Swiss Law On Cannabis

Swiss Law On Cannabis

Switzerland has always been an exciting market for Cannabis. The main reason is that it is located in the centre of Europe but it is still not part of the European Union. Because of this, its Cannabis market is quite independent of the speed of the reforms introduced by EU states. Therefore, Cannabis has been legally sold in the form of low potency products for around nine years.


When it comes to the cannabis laws in Switzerland, it is important to understand that the cannabis plant has many forms. One of these forms is hemp. Hemp is, in fact, one of the world’s oldest crops. 

 

Each cannabis plant has various active substances. The main ones are Cannabidiol (CBD) and Tetrahydrocannabinol (THC).


THC is, in fact, a psychotropic substance, which is responsible for getting ‘high’. No matter how precisely Cannabidiol is extracted, it usually contains minute traces of THC. Therefore, the legality of cannabis is determined through the quantity of THC.


Therefore, forms of cannabis plants that contain negligible amounts of THC are not banned under Swiss narcotics legislation, provided they contain less than one percent THC.

 

As far as the Cannabis laws in Switzerland are concerned, let’s begin with the simplest question:

 


Is Cannabis legal in Switzerland:

 

 

Yes and No. Switzerland is the only country that came up with the legalization of Cannabis with less than 1% THC. All the CBD products having more than 1 % of THC is a narcotic drug as per the Swiss Narcotic Legislation. 


When it comes to the Swiss laws on cannabis, the prime factor for them to legalize cannabis driven products lies in their effect. The authorities recognize the fact that CBD products with less than 1% THC don’t get you high. And if the amount of THC exceeds 1%, it becomes narcotic. Production, possession and use of more than ten grams of narcotics are strictly forbidden under Article 19 of the Federal Act on Narcotics and Psychotropic Substances.

 

 

Can I sell Cannabis in Switzerland:


As we know that Cannabidiol with 1% THC is legal in Switzerland. Can everyone sell it?  Despite being legal, the government of Switzerland put a great emphasis on the fact that legalization of Cannabis doesn’t mean that we can sell it legally.


In order to sell a CBD product having 1% or less THC legally, we must identify the category of that product. The products categories can be one of the following in the list.

 


Food

Cosmetics

Utility (for instance liquid for e-cigarette)

Chemical

Medicinal CBD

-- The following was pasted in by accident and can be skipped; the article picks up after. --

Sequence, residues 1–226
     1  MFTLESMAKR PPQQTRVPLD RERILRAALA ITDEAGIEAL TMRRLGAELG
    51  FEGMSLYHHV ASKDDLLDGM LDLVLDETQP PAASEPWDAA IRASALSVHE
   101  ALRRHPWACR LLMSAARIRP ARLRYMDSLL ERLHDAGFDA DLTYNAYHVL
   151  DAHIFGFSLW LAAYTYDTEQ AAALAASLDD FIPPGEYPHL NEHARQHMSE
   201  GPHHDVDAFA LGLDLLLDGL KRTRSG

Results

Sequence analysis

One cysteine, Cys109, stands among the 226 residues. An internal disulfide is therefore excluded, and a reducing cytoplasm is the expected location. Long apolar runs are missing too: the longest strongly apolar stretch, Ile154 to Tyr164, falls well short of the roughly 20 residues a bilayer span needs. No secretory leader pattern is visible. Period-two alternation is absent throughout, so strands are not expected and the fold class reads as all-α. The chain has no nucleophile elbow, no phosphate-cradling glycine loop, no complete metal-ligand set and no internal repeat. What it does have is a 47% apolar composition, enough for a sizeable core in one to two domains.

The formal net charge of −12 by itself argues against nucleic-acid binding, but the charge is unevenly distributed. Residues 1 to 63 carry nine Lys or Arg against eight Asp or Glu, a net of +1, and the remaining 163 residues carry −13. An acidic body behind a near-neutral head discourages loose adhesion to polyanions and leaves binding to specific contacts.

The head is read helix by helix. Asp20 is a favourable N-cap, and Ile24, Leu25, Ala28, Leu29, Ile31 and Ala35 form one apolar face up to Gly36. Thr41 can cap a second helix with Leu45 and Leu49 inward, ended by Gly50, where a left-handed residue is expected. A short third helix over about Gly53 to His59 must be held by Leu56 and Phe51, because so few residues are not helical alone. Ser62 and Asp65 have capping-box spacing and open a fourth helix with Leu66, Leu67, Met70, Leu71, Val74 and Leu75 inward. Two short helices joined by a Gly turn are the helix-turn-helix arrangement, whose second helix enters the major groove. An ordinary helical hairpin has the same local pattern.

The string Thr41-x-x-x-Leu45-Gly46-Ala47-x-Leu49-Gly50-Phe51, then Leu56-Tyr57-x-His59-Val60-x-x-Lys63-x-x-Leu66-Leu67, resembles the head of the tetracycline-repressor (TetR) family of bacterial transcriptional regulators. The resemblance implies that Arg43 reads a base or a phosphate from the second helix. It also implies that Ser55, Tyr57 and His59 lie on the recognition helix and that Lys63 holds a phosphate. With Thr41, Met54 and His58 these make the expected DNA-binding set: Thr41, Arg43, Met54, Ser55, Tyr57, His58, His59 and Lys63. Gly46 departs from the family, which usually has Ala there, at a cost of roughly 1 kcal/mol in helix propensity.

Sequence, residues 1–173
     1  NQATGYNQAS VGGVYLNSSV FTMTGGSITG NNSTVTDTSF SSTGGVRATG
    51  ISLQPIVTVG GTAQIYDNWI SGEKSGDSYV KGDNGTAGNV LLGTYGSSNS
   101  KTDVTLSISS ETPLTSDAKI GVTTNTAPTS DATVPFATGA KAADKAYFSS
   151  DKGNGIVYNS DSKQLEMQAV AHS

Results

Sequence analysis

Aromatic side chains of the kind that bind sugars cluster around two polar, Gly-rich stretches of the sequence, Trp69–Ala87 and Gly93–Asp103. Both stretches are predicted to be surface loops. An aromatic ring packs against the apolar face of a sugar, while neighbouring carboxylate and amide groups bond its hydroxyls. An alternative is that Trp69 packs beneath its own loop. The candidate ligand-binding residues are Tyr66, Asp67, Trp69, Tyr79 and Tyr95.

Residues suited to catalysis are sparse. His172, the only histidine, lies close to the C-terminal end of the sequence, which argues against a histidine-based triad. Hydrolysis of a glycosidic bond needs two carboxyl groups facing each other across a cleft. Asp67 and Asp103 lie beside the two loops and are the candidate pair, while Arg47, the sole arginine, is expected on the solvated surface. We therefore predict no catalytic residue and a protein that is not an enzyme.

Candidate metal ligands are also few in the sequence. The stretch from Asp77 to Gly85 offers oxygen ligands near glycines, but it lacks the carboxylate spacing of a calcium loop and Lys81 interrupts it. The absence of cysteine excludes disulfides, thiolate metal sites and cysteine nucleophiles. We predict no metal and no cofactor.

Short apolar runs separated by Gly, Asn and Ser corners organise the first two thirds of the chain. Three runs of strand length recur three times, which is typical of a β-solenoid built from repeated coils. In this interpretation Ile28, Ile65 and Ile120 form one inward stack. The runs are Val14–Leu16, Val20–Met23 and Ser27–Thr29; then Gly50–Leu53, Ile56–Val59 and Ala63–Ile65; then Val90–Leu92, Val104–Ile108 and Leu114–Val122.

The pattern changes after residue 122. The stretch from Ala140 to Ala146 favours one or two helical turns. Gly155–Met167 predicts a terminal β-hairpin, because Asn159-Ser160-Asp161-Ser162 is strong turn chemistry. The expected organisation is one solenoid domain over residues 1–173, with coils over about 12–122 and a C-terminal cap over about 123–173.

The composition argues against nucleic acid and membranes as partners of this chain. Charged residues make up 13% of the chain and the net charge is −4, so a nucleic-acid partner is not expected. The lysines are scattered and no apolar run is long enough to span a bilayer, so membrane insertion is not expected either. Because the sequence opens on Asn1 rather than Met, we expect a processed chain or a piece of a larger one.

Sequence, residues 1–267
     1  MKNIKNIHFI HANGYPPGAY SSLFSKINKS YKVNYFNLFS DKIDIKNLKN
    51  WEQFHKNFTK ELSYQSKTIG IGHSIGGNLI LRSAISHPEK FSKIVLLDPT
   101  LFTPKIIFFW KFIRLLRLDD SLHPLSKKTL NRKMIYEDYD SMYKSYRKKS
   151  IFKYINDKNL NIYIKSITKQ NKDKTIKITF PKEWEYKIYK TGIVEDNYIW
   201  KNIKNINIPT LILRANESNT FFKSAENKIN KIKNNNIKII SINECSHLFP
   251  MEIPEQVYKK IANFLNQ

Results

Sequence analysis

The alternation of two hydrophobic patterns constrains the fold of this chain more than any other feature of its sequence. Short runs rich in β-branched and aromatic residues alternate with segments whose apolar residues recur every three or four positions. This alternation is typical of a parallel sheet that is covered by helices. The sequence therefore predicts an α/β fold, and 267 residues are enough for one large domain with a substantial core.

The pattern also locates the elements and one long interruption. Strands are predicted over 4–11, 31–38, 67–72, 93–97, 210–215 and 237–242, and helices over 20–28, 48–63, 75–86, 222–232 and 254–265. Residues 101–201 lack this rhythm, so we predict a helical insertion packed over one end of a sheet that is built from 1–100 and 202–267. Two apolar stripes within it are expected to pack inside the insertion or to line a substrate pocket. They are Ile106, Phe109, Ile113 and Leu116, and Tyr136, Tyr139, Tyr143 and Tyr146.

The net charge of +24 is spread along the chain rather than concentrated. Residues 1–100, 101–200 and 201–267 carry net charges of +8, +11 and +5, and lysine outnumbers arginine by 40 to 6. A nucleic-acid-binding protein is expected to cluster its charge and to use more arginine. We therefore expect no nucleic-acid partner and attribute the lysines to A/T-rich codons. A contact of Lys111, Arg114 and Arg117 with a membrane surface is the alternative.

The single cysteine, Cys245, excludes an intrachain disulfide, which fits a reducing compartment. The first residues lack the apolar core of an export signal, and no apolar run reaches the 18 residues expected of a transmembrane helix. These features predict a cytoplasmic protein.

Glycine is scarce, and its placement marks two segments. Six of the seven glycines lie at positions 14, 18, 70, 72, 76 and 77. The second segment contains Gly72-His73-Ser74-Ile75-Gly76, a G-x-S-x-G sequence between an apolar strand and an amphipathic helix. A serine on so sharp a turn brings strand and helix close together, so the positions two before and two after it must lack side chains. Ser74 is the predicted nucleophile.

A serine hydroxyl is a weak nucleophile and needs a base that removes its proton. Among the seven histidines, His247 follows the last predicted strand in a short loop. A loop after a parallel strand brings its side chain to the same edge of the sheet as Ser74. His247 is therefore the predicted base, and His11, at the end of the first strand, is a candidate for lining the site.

Tobacco substitute

 

 

After assigning a suitable category to the product, one must keep up with the relative law of the respective category as each category has its own laws to sell their CBD product without any issues.


In case someone gets caught selling smaller amounts of CBD illegally, fines are imposed keeping the individual’s financial condition in view. However, for sale and supply of CBD products on a large scale, there are more severe penalties with prison terms as well. 

 


Can I cultivate cannabis in Switzerland?

 

 

When it comes to the cannabis cultivation of industrial hemp, it is legal as long as the THC rule is followed.


Despite being so lenient, Swiss laws on cannabis cultivation allow the cannabis cultivation of only certain varieties of the cannabis plant at home. In order to know which cannabis varieties are legal, we must follow the rule of thumb. 

 

1. They should not get you high.
2. They should not have more than 1% of THC.
3. Despite the fact that the quantity of THC is less than 1%, these are still sold as recreational products.

 

Can I sell products with more than 1 % THC:


CBD product having more than 1% of THC can only be categorized as medicinal CBD which can be sold or supplied on a doctor’s prescription

 

 

Punishment for the offences: 


A fine of around CHF 100 is imposed on an adult individual, who gets caught possession or using more than 10 grams of illegal cannabis that is cannabis with higher THC. If the amount of illegal cannabis is below 10 grams, it has been decriminalized.

 

Resources:

 

https://www.ch.ch/en/cannabis/#akk-77533

 

https://www.bag.admin.ch/bag/de/home/gesund-leben/sucht-und-gesundheit/cannabis.html

 

https://www.admin.ch/opc/en/classified-compilation/19981989/index.html#a19b

 

https://internationalcbc.com/switzerland-a-hotbed-for-cannabis-law-reform/

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